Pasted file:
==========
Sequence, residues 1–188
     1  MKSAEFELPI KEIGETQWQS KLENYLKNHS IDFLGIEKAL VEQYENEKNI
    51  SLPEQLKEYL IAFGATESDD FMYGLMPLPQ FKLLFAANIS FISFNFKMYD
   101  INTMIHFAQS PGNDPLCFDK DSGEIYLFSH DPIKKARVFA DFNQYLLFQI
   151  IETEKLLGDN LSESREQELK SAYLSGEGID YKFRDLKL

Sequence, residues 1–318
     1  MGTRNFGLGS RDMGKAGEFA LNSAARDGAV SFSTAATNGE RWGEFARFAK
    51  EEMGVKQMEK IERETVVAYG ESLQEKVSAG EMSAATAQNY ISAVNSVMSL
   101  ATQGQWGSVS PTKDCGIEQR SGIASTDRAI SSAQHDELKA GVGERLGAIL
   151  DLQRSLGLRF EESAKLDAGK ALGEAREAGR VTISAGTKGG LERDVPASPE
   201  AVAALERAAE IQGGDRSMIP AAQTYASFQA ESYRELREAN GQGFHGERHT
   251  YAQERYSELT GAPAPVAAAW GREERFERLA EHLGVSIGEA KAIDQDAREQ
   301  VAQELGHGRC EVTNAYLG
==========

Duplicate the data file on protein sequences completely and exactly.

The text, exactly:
Sequence, residues 1–188
     1  MKSAEFELPI KEIGETQWQS KLENYLKNHS IDFLGIEKAL VEQYENEKNI
    51  SLPEQLKEYL IAFGATESDD FMYGLMPLPQ FKLLFAANIS FISFNFKMYD
   101  INTMIHFAQS PGNDPLCFDK DSGEIYLFSH DPIKKARVFA DFNQYLLFQI
   151  IETEKLLGDN LSESREQELK SAYLSGEGID YKFRDLKL

Sequence, residues 1–318
     1  MGTRNFGLGS RDMGKAGEFA LNSAARDGAV SFSTAATNGE RWGEFARFAK
    51  EEMGVKQMEK IERETVVAYG ESLQEKVSAG EMSAATAQNY ISAVNSVMSL
   101  ATQGQWGSVS PTKDCGIEQR SGIASTDRAI SSAQHDELKA GVGERLGAIL
   151  DLQRSLGLRF EESAKLDAGK ALGEAREAGR VTISAGTKGG LERDVPASPE
   201  AVAALERAAE IQGGDRSMIP AAQTYASFQA ESYRELREAN GQGFHGERHT
   251  YAQERYSELT GAPAPVAAAW GREERFERLA EHLGVSIGEA KAIDQDAREQ
   301  VAQELGHGRC EVTNAYLG